Before decimalisation, the penny = 1d was equivalent to 1/240th of £1. After decimalisation, the new penny = 1p = was equivalent to 1/100th of £1. The value of the pound was unchanged.

The plural is pence when referring to prices, and pennies when referring to the coins

Penny BazaarRef 1-1398
A number of Penny Bazaars are listed in the 19th and 20th century directories. These were general stores and charged one penny for any of a wide range of different goods. Some local examples were those of Mewett & Heywood [1915].

The fashion store, Peacocks, began as a Penny Bazaar opened in Warrington in 1884. Marks & Spencer began as a Penny Bazaar opened by Michael Marks in Leeds in 1884.

In 1905, there were several 1d Bazaars, 2½d Bazaar, 3½d Bazaars, and 6½d Bazaars in Halifax and in the Borough Market

PennyweightRef 1-1702
A unit of weight equal to 24 grains = 1·5552 gram.

Abbreviated to dwt

People's History MuseumRef 1-2315
The national centre for the history of working people in Britain

People Who Cannot MarryRef 1-98

Peppercorn rentRef 1-P49
An insignificant – or nominal – rent

PerambulationRef 1-1061
From the Latin meaning walking around. In law, it is used to mean
the process of determining the bounds of a piece of land by walking around it

The land could then be described by reference to known fixed objects – such as named houses, buildings, geographical features, boundary stones and markers – which were encountered on the walk

PerchRef 1-1250
A unit of length, equivalent to 5½ yards.

See Pole and Rod

PerchingRef 1-305
To lay a piece of cloth over a rod, pole, or perch, and hold it against the light to find any faults in the material, during burling.

The work is carried out by a percher

Perpetual shearing machineRef 1-2265
This was a shearing machine invented by James and Enoch Taylor. Cropping was one of the first processes to be mechanised. It could do the work of 10 croppers.

This – along with other shearing frames and the gig mill – put many croppers out of work and became Luddite targets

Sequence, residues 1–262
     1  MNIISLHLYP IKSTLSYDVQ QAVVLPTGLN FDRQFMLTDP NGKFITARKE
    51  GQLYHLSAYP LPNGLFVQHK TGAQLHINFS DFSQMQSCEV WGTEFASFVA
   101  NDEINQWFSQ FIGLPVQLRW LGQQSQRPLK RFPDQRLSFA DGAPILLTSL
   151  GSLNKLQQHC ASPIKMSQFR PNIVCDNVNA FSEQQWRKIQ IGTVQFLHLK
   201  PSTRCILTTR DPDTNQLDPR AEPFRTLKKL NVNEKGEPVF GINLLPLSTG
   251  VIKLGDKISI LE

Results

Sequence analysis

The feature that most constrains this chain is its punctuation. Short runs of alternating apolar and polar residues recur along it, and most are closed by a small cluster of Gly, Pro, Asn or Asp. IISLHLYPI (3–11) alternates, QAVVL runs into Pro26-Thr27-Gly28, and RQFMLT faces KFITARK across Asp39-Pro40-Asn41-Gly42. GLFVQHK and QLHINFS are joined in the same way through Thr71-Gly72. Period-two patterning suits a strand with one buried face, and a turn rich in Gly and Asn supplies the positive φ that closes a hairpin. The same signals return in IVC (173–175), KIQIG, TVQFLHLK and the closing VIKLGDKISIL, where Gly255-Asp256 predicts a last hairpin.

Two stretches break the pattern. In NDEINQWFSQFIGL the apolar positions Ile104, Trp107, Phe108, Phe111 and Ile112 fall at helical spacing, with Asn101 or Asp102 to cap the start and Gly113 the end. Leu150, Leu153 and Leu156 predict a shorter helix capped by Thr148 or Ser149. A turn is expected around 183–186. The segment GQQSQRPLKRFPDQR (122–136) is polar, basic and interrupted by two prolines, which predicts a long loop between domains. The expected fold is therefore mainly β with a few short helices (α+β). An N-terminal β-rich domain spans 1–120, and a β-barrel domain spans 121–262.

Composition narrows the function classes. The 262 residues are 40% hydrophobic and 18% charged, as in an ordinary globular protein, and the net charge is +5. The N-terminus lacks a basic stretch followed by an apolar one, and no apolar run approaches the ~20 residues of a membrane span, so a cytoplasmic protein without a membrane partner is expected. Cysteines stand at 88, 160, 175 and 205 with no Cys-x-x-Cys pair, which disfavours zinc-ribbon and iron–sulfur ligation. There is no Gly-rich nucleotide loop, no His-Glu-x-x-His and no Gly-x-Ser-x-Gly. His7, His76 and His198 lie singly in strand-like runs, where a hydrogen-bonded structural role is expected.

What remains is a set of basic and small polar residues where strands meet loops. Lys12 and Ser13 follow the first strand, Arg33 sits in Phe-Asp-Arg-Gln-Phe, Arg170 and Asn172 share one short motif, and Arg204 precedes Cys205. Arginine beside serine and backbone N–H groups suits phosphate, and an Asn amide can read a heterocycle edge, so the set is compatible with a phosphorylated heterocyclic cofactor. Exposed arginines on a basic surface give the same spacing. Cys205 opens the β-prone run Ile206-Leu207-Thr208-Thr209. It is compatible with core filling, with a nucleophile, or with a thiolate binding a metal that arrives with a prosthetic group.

Personal Ancestral FileRef 1-P74
Family history software produced by the Church of Jesus Christ of Latter-Day Saints

Personal chattelsRef 1-2320
All carriages, motor cars & accessories, horses, stable furniture & effects, garden effects, domestic animals, plate, plated articles, linen, china, glass, books, pictures, prints, furniture, jewellery, articles of household or personal use or ornament, musical & scientific instruments & apparatus, wines, liquors, and consumable stores.

It does not include any chattels used at the death of the intestate for business purposes nor money or securities for money

See Goods & Chattels and Inventory

This & associated entries use material which was kindly contributed by Nikki Elsom

PertussisRef 1-808
A name for whooping cough

PestleRef 1-1966
A heavy, club-shaped stick which is used to pound materials in a mortar

Peter PenceRef 1-2085
A name for the hearth tax because it was paid on the feast of St Peter ad Vincula.

The fee known as St Peter's Pence was an annual fee of 1d per household which was paid to the Holy See. Henry VIII abolished it in 1534, but it is still collected in Catholic churches

PetershamRef 1-463
A type of heavy, woollen cloth.

See James Walton

Petit MalRef 1-847
A mild epileptic fit characterised by mild seizure, muscle spasm, or twitching

See Grand Mal

Petty SessionsRef 1-1668
A court which was the lowest level in the English legal system, and where most crime was dealt with. These are now known as magistrates' courts.

From the 16th century, Petty Sessions were held for specific areas or divisions of a county

Petty treasonRef 1-1642
The murder by a woman of her husband.

See High treason and Misprision of Treason

PewRef 1-3018
In the Middle Ages, people stood in the nave during the church service. A stone bench was provided around the wall for the old and infirm, hence the expression weakest to the wall.